Winning helps FedExForum grow on Tigers fans
By Jim Masilak
Friday, January 18, 2008
As the University of Memphis' athletic director, R.C. Johnson receives his fair share of correspondence from supporters concerned with one thing or another.
Whether it's the debate over an on-campus football stadium, the school's conference affiliation or the embargo on beer sales at home football games, Tigers fans aren't shy about making their feelings known.
For a few years, during the men's basketball team's transition from The Pyramid into FedExForum, Johnson was inundated with calls from people upset with various aspects. Reseating, the cost of concessions, the Downtown location and the university's perceived second-class citizenship in the Grizzlies' building were all of major concern.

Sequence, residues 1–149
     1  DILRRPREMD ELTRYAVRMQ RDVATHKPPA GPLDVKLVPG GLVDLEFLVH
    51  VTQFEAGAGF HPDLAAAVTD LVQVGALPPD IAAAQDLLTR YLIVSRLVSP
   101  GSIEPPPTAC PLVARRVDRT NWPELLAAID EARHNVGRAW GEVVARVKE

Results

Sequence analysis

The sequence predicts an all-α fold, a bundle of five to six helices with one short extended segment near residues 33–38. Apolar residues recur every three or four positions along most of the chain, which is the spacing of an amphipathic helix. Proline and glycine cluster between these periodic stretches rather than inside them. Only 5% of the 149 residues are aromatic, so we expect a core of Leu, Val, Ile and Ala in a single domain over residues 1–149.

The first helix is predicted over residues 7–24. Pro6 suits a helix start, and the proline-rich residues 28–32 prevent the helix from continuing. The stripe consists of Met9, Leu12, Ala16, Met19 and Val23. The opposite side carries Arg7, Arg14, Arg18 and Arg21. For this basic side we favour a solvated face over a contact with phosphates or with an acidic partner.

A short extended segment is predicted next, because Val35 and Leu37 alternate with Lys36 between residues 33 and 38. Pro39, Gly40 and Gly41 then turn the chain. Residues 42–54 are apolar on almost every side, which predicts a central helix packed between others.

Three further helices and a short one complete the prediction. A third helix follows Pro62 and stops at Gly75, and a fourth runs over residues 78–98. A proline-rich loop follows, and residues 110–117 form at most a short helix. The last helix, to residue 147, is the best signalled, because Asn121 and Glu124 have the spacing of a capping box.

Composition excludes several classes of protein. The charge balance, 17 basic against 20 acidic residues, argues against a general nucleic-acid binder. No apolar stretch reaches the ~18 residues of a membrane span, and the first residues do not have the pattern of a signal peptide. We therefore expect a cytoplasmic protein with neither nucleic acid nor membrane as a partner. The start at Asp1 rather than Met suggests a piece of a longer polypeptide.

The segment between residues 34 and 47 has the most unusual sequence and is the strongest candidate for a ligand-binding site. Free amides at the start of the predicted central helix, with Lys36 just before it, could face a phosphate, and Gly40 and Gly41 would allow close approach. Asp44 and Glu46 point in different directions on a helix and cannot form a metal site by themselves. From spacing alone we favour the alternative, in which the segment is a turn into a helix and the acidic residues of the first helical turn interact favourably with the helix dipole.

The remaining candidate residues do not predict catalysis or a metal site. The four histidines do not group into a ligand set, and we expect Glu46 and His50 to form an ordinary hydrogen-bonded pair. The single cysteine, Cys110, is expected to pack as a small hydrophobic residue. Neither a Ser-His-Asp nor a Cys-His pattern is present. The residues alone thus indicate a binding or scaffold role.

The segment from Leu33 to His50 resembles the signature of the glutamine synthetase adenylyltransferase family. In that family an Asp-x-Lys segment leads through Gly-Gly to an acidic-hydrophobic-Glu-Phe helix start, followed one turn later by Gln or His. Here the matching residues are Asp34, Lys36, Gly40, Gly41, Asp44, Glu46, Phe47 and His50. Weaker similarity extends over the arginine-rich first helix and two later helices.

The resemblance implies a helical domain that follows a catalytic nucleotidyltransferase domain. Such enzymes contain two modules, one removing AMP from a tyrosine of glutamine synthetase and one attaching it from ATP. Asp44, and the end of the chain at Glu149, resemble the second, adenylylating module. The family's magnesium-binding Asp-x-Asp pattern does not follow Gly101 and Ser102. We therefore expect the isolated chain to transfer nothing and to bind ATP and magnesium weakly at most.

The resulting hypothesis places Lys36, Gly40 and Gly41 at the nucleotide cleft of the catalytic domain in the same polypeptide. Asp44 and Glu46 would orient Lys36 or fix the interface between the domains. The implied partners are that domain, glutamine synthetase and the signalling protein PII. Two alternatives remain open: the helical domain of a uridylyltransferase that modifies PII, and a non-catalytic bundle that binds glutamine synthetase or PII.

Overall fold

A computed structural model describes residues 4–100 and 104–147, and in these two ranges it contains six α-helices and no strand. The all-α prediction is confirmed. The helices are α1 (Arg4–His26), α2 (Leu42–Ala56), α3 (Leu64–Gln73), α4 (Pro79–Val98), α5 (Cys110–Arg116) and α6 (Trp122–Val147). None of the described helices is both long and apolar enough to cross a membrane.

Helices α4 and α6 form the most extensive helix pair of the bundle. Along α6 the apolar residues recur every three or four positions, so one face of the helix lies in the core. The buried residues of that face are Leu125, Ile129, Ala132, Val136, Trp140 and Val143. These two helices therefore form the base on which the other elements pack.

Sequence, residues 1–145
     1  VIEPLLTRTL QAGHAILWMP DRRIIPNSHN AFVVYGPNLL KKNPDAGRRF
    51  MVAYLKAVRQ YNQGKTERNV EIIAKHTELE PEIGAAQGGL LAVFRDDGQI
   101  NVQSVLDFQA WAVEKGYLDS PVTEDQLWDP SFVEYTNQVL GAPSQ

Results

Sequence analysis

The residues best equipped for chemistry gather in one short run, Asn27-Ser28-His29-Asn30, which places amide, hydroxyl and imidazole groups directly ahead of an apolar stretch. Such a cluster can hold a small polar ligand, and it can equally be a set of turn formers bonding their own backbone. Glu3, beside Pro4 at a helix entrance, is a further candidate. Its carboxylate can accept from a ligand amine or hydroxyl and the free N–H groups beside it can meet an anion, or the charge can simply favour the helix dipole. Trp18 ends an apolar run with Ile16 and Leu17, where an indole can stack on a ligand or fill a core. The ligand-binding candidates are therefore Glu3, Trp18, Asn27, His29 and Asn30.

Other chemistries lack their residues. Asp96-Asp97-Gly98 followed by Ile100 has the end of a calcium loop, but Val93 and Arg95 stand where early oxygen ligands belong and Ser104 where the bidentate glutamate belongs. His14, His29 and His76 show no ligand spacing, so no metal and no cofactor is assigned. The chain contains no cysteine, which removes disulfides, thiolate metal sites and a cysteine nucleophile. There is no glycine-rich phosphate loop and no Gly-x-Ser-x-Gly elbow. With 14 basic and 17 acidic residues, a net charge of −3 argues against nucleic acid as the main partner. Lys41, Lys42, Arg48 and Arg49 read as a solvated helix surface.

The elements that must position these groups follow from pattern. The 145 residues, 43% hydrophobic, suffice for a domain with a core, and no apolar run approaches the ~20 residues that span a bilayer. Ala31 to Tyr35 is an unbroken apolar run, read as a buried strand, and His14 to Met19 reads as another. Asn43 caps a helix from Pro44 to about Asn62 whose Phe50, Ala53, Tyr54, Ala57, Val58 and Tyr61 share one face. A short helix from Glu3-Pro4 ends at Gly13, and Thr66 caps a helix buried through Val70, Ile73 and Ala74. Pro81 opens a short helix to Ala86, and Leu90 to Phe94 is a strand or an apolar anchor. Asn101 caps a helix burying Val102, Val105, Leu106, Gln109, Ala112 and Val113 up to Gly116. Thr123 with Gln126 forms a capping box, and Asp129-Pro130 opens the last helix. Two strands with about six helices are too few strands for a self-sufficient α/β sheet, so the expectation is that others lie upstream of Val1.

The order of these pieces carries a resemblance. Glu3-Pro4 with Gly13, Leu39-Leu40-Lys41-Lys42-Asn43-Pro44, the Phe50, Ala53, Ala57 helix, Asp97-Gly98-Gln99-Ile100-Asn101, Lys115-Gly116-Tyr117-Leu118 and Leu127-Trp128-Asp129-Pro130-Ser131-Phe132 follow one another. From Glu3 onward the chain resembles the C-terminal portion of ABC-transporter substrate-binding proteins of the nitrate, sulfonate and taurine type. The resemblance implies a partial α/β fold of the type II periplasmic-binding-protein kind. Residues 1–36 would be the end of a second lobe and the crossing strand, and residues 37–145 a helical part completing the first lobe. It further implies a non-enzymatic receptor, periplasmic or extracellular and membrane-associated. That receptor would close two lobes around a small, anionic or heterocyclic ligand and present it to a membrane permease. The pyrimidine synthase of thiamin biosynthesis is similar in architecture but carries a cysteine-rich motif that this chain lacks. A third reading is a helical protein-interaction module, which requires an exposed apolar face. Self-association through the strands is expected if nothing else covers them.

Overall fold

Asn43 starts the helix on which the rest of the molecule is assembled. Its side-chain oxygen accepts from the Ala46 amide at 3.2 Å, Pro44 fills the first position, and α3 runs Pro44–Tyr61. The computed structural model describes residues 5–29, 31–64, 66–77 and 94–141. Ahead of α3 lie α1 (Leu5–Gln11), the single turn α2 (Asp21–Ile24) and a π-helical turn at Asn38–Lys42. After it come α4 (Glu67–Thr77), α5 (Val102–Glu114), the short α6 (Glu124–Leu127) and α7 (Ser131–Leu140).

Now, nearly four years after the team played its final game in The Pyramid, and with the No. 2-ranked Tigers (16-0) in the midst of a school-record 41-game home winning streak, those complaints have slowed to a trickle.
"I don't know if it's because of our tremendous winning or because they kind of forget about The Pyramid and kind of move on," Johnson said. "It's been (four) years. ... I think people have moved into the mindset that this is our house."
Chief among the fans' concerns about the Forum was the possibility that the college-style atmosphere at The Pyramid, the Mid-South Coliseum and the Elma Roane Fieldhouse would be lost. The Forum, with two suite levels and fewer lower-bowl seats than The Pyramid, won't remind anyone of Kansas' Allen Fieldhouse or Duke's Cameron Indoor Stadium. But even some of the Tigers' most skeptical long-term supporters have grown to love the new building.
Bob Terrell has missed just five Memphis home basketball games since 1970. "I had the flu twice. Once, I was working a part-time job and had to give my tickets away," the Collierville resident said. "The other two are kind of hazy."